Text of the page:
By moinakg on May 22, 2008
From now on I will be blogging at my personal blog site: moinakg.wordpress.com some interesting tidbits coming up there regarding BeleniX.
I spent some time in the weekend doodling around with OpenOffice Draw to try and come up with some big diagram explaining the components of Indiana aka OpenSolaris 2008.05 since a picture is worth N words. Many may know that BeleniX contributed some stuff to Indiana but I don't think people realize how much contributions have gone in. So I have also tried to identify the components that are directly or through modifications, based on my work on BeleniX (all done in my spare time, weekends and late nights of course).
In addition I have tried to capture a timeline that covers the evolution of BeleniX and subsequently Indiana covering the features that were added. There is an addendum covering the features added via the LiveKit. This timeline does not cover the other distros namely Nexenta, Schillix and Milax. I intend to prepare a much more comprehensive timeline covering all those in the coming weekend. Click on the images below for larger versions:
LiveCD Architecure Overview:
As you might notice from the above a major part of Indiana's foundations are based directly on my work on BeleniX. The technology readily available via BeleniX drastically reduced the time to market for Project Indiana. In addition I was directly involved in Indiana from time the project was kicked off and did a bunch of critical stuff like - Integration of HSFS additions into OpenSolaris, Initial builds and workspace setup for Fully Open X, Implementing the Transfer Module that is responsible for transferring livecd contents to harddisk, Implementing Python based Transfer Module via embedded and extended Python interpreter, helping Alok with getting the lofi compression stuff integrated.
The HSFS optimizations involved some major R&D effort for I/O scheduling, elevator, readahead etc. I actually ended writing a whitepaper in the description field of RFE #6588256.
BeleniX today has also benefitted from Indiana and the 0.7 release has evolved to be a source-level derivate that complements Indiana. I can of course see BeleniX contributing back to OpenSolaris going forward - a healthy community development. The story of getting to 0.7 is essentially a story of Unix From Scratch. That is the topic of another blog post (in a different blog site) another day.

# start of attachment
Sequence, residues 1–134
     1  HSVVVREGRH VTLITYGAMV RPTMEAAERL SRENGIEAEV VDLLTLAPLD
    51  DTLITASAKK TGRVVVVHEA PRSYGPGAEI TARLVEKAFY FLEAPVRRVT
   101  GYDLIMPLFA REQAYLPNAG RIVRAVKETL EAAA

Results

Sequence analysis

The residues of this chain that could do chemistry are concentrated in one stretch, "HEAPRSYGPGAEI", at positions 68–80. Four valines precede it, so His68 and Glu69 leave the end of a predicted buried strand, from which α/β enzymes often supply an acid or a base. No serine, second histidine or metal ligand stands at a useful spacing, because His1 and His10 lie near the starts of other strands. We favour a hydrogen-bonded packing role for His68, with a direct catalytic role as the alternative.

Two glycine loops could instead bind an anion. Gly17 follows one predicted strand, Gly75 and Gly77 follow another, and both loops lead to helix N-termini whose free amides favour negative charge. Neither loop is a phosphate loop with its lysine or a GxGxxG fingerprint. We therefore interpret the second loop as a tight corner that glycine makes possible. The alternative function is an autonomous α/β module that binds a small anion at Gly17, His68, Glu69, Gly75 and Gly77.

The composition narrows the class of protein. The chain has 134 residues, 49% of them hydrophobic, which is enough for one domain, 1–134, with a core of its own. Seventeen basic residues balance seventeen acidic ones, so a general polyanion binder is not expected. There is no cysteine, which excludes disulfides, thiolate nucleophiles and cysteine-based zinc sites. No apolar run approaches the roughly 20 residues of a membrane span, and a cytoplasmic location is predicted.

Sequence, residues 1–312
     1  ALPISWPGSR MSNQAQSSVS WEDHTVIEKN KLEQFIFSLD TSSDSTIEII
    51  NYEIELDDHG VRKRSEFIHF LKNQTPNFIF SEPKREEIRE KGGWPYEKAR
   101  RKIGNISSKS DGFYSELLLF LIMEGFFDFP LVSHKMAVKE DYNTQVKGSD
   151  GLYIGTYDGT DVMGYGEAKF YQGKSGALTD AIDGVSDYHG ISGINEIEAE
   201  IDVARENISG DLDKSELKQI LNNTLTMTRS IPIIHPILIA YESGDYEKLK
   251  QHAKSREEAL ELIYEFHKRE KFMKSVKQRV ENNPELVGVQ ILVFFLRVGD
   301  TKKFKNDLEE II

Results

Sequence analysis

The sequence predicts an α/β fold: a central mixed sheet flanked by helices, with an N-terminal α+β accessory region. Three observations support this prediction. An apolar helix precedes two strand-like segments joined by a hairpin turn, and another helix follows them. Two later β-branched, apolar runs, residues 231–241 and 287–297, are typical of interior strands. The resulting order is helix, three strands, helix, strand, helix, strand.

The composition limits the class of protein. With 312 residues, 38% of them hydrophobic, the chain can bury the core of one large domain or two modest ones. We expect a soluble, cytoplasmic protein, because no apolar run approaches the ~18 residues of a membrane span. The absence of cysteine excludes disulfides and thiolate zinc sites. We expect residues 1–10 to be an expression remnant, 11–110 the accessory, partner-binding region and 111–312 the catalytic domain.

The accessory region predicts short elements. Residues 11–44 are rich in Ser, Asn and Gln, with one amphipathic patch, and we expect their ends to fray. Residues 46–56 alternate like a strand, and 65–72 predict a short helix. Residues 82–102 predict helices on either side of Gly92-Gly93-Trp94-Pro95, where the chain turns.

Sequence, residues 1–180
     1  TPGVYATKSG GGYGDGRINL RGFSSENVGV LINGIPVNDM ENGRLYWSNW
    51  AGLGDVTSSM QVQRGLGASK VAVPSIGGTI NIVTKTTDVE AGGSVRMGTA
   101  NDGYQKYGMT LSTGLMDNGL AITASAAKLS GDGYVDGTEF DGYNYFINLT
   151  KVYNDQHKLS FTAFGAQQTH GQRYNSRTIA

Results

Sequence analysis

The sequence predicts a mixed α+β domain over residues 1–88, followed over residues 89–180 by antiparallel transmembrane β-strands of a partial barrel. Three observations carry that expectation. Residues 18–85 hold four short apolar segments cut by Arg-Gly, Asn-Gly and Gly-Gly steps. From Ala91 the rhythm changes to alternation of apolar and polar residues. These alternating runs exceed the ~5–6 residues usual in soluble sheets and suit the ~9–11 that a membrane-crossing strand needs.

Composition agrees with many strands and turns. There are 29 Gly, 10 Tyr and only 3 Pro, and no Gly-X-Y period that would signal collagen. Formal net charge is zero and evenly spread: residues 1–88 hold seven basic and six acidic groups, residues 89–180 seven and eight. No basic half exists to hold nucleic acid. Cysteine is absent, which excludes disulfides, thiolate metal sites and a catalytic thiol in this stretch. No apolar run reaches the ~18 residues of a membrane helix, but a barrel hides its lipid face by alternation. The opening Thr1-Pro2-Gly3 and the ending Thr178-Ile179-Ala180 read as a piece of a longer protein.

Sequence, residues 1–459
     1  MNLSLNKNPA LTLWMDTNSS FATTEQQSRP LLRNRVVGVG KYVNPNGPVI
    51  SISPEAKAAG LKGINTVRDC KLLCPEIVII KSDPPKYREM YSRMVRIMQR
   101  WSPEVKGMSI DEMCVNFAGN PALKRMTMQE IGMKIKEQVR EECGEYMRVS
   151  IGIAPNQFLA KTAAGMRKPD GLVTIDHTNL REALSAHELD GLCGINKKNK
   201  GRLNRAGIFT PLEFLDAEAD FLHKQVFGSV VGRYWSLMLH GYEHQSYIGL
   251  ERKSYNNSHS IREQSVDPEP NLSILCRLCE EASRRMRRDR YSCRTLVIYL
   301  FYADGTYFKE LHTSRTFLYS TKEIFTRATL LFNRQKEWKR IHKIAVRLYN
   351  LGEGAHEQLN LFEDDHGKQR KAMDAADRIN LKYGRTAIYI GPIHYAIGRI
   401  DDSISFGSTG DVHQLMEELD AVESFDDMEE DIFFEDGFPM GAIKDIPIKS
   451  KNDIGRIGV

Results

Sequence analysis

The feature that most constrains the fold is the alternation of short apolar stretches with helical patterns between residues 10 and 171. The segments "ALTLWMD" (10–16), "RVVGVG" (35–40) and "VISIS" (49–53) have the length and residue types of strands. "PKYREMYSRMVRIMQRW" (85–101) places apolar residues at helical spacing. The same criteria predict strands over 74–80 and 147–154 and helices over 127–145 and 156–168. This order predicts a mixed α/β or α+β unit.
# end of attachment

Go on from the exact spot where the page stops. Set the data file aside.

I was quite shocked to learn yesterday that SciFi behemoth Arthur C. Clarke passed away. I am deeply saddened having had read and enjoyed most of his writings. His clarity of vision and expression has been just amazing. I am waiting to get my hands on his last novel: " The Last Theorem".
There are times when Solaris is unable to detect the system's Ethernet card and most commonly it turns out that one of Masayuki Murayama's Solaris NIC drivers will work. We end up pointing people to the source tarball download page and instruct them to do a make install. Though not too difficult it is kinda troublesome esp. for Solaris newbies. It is always nice to have an easy install bundle with binaries packaged up as SVR4 packages.
With this in mind I went about adding a Pkgbuild SPEC file for Masayuki-san's drivers to the SFE repository. Thanks to the flexibility and amazing ease provided by the SPEC file mechanism it took me a few hours on a Sunday to nicely package up the drivers (21 packages in all) with proper postinstall actions and checks to add the drivers. It would probably have taken a couple days to achieve this result using a Makefile - driven system.
Instead of building from the SPEC file you can download this small bundle of binary packages. Use the following simple steps to install:
The other piece I added into SFE is the Scorched 3D game. It is a 3D remake of the Scorched Earth DOS game. It builds on Solaris after a small source patch and runs without problems. Unfortunately the SDL library bundled with Solaris Express is not built with OpenGL support. So I had to remove SUNWlibsdl and SUNWlibsdl-devel and build and install SFEsdl to get the game to work.
I used to play this in Ubuntu on my Ferrari laptop. However the ATI's 3D accelerated driver for Linux sucks Big Time. It hard hangs the system now and then. I will now be able to enjoy the game on by Solaris box. Here is an obgligatory screenshot:
While browsing the Cscope homepage I found out about Kscope a KDE based GUI for Cscope. The screenshots looked inviting enough for me to quickly grab it. After a little tweak to a shell script that assumes /bin/sh to be bash (ouch) it worked perfectly. Being a Cscope user myself, I found this GUI to be extremely powerful, a great frontend. It has interesting features with the ability to use Graphviz and graphically display call graphs, call trees, ease of querying, save cscope queries. Overall adds a whole new dimension to Cscope.